voting

Adrianne Gonzalez / WLRN News

Polling stations around South Florida opened this morning at 7 a.m. for Primary Election Day, when registered Republicans and Democrats choose their candidates for governor, agriculture commissioner, attorney general and U.S. Congress. Local elections also include school board and judicial races. 

Leslie Ovalle / WLRN

Churches and local organizations met voters at their polling places on Sunday with food and music to celebrate the last day of in-person early voting before Florida's primary Election Day on Aug. 28.

The voting drives held on this day--the Sunday before Election Day-- have come to be known as "Souls to the Polls." It stems from a long-standing tradition in the black community to combat voting disenfranchisement by providing transportation to the polls.  

Sam Turken / WLRN

Officials from the Florida Democratic Party met with black South Floridians on Saturday to discuss the importance of voting and to train them how to mobilize other voters ahead of the midterm elections in November.

Floridians who want to request a vote by mail ballot have until Wednesday to do so.

Spanish-speaking voters aren’t getting the resources and assistance they need. That’s the charge made in a federal lawsuit against Florida Secretary of State Ken Detzner and 32 local election supervisors, including four in Northeast Florida.

PBS

As Florida prepares for primaries on Aug. 28, issues around voting security and fraud have been front and center. Earlier this month, Sen. Bill Nelson claimed Russian hackers had gained access to valuable data on state voters. And two weeks ago, a story broke about an 11-year-old hacking into a replica of Florida’s elections website. 

Miami Herald Archive

Florida Secretary of State Ken Detzner wants clarification from the U.S. Senate on Democratic Sen. Bill Nelson’s comments to reporters that Russians have “penetrated” some voter-registration systems.

Detzner sent a letter Thursday to Senate Intelligence Chairman Richard Burr, R-N.C., requesting that federal officials share with his agency any “relevant, classified information about current and potential threats.”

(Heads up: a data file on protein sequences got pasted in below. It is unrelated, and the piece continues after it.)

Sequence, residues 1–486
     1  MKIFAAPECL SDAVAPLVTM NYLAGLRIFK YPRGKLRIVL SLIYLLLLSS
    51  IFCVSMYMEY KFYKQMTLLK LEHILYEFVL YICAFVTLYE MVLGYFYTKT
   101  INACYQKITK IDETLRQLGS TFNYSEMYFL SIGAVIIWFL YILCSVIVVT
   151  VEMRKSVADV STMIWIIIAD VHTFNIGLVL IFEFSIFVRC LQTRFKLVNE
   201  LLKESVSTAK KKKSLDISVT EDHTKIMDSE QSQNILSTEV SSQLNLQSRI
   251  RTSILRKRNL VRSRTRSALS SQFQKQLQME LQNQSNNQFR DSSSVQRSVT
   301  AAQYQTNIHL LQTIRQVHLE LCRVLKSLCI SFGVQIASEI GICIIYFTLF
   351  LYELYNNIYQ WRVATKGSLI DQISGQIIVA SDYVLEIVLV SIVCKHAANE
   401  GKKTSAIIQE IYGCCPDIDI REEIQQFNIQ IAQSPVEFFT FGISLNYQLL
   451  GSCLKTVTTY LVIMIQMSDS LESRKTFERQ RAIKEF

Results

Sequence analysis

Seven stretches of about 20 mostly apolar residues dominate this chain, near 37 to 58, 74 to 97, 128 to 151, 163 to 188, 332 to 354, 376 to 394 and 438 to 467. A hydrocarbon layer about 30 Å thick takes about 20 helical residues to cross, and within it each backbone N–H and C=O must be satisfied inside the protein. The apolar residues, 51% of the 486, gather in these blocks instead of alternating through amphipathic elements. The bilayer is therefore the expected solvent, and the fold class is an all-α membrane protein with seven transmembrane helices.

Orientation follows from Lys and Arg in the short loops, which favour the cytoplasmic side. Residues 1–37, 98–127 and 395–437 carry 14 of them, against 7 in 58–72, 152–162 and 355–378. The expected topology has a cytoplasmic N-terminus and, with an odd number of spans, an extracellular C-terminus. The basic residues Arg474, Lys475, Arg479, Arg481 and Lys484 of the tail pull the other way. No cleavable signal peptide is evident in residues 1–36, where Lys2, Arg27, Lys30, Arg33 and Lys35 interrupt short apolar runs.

Russians Have Penetrated Some Florida Voter Registration Systems, Sen. Bill Nelson Says

Aug 9, 2018
Lynne Sladky / Associated Press

Russian operatives have “penetrated” some of Florida’s voter registration systems ahead of the 2018 midterms, Sen. Bill Nelson said Wednesday, adding new urgency to concerns about hacking.

The state, however, said it has received “zero information” supporting his claim.

“They have already penetrated certain counties in the state and they now have free rein to move about,” Nelson told the Tampa Bay Times before a campaign event in Tampa. He said something similar a day earlier in Tallahassee but declined to elaborate.

GOP Has Early Lead In Mail-In Ballots For August 28 Primaries

Aug 6, 2018
Associated Press

Nearly 260,000 people have already voted in the Aug. 28 primary elections, with Republicans having an early edge over Democrats in returning vote-by-mail ballots, according to figures updated Monday morning by the Florida Division of Elections.

With nearly 2.5 million ballots sent out, the state reported that Republicans had returned 120,939 ballots, compared to 98,493 by Democrats. Another 38,728 ballots have been completed by people without party affiliations and 1,129 by people registered with third parties.

Floridians have until the end of the month to register to vote in Florida’s Primary Election or update their party affiliation.

Peter Haden / WLRN

Survivors of the February shooting at Marjory Stoneman Douglas High School have announced their next push to end gun violence: a cross-country voter drive.

Students at more than 1,000 schools across the country are registering young voters in lunchrooms, hallways and even at upcoming graduation ceremonies in a week of activism aimed at electing lawmakers who support gun reforms in response to school shootings in Florida and Texas.

Supervisors of elections throughout Florida are preparing for the upcoming election season, with the secruity of the voting process being a top priority.

Two years after Russia's wave of cyberattacks against American democracy, a Senate committee investigating election interference says those hackers hit harder than previously thought in several states.

The committee also added that it still doesn't know with complete certainty exactly how much of U.S. voting infrastructure was compromised.

In elections past, the integrity of the vote was protected by poll workers and election officials. But in 2018 and likely beyond, elections are being protected by people like the anonymous man who works in the basement of the West Virginia Capitol.

He's member of the West Virginia National Guard who is a cybersecurity specialist responsible for monitoring any computer-related threats to the state's elections. Since August of last year, he's been attached full time to the office of Secretary of State Mac Warner.

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